Eirian Baker is a business coach and facilitator who lives in Luton. She is just finishing her final day of treatment on the Heartwood Chemotherapy ward at Spire Harpenden, and shares her experiences thus far.
“I felt a lump in the shower in the end of November 2014. My mother-in-law died of breast cancer, and a close friend was diagnosed with breast cancer a couple of years ago, and she emphasised to me the importance of regularly checking.
"I left it a month so I could check it wasn’t related to hormones, but when it was still there I saw my GP. My GP immediately referred me to Mr Pittam at Spire Harpenden.
"On 3 January 2015 I had my mammogram and ultrasound of the lump with Mr Pittam. Four days later it was confirmed that I had breast cancer. As the cancer was relatively small on the ultrasound I had a lumpectomy to be followed by radiotherapy.
"When I was operated on the lump was larger than expected and had spread to a lymph node, making my following treatment more complicated.
"All the staff around recovery and on the ward when I had my operation were fantastic.
"I started my chemotherapy on 17 February. Anne Marie, the chemotherapy sister, went through my treatment plan with me, I also spoke to Dr Ah-See (consultant oncologist) who gave me a lot of information about what to expect.
"I am currently on my last treatment with taxol which makes me quite drowsy – I read and snooze while I have it. I am very independent and like having the treatment in my own private room with my husband.
"I have three hours of being very looked after, the first thing I am asked when I come in is whether I would like a tea or a coffee. The ladies here are efficient and empathetic; they bob in and out of the room checking that I am happy. They work so well as a team and everything is seamless.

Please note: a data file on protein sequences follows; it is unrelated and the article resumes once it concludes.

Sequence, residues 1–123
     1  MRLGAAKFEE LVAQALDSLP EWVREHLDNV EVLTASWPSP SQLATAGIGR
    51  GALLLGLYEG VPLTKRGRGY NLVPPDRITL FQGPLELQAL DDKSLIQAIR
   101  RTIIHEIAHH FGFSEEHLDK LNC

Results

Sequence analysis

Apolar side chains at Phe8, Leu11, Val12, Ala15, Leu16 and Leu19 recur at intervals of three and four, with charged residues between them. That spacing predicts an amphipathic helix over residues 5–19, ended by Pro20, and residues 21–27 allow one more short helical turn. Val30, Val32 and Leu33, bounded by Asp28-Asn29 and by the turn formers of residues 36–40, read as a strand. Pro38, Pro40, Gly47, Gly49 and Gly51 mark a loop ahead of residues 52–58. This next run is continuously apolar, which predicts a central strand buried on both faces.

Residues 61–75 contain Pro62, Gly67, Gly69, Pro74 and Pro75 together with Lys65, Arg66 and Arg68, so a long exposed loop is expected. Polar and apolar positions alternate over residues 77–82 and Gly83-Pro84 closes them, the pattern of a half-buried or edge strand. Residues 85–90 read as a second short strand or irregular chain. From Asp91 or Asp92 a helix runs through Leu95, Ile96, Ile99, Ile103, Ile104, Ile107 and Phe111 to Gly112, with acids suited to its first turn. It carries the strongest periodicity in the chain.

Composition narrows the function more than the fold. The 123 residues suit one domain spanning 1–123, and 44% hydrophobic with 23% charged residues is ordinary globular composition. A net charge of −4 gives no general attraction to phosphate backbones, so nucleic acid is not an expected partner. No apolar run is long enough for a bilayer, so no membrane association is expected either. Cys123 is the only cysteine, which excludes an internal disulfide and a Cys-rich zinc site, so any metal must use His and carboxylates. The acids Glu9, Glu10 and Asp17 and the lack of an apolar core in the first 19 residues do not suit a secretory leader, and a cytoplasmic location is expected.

"My chemotherapy treatment with taxol has given me a routine, I have a blood test each Monday, and on Tuesday I have the treatment.
"Everyone is so empathetic and encouraging and you can tell they have amazing enthusiasm for what they do, which makes me feel really safe.
"Jacqui (Kenyon, breast care clinical nurse specialist) was with me every step of the way. This gave me a continuity of care as she has been with me throughout, giving me support and advice. I didn’t feel that I was passed from pillar to post, rather I have been gently carried along.
"Following on from my experience I am pushing all my friends to sign up for private health insurance, as I believe the care and treatment I have received has been excellent."
"It has been nice to meet others in a similar situation and at various stages in their treatment at breast care support groups. I have attended the breast care support group meeting which are organised by the chemotherapy nurses here. I have found them very valuable and I may be leading one of the sessions in December about mindfulness, which I have personally found very valuable throughout my experience.
"I have thought of my treatment as a learning experience. It is very easy to get frightened, especially soon after you are diagnosed. I instead tried to approach this with curiosity, and find the technical side of treatment fascinating."
What advice would you give to a patient about to start this process?
"Don’t be hard on yourself; let how you feel dictate how you approach each day.
"Don’t put pressure on yourself to be a certain way or to reach milestones too quickly; we’re all different. People have asked me whether I am back to work yet, and look surprised when I say no. Some days I feel that I could work for a couple of hours, but my job involves international travel so I haven’t resumed my work as I wouldn’t be able to do it properly.
"I think it is very important to look at the positives. I have had contact from a lot of friends who I had previously lost touch with. This experience has really shown me the value of life and friends and family."